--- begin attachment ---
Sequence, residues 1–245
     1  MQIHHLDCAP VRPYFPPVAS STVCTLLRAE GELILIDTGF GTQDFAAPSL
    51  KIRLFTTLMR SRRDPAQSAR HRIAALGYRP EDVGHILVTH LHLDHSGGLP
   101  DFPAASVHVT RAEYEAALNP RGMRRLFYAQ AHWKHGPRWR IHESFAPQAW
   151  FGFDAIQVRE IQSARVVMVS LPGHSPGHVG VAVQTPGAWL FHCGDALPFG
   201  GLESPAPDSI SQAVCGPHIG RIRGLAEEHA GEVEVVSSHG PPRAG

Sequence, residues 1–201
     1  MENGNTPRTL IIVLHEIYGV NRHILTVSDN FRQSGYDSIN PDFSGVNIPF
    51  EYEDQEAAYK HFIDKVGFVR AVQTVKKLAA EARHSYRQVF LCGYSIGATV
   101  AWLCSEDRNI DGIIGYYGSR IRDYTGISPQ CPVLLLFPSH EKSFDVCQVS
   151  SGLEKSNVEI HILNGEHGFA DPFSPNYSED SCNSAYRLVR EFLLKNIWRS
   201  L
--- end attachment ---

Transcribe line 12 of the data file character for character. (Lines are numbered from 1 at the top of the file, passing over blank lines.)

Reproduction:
   201  L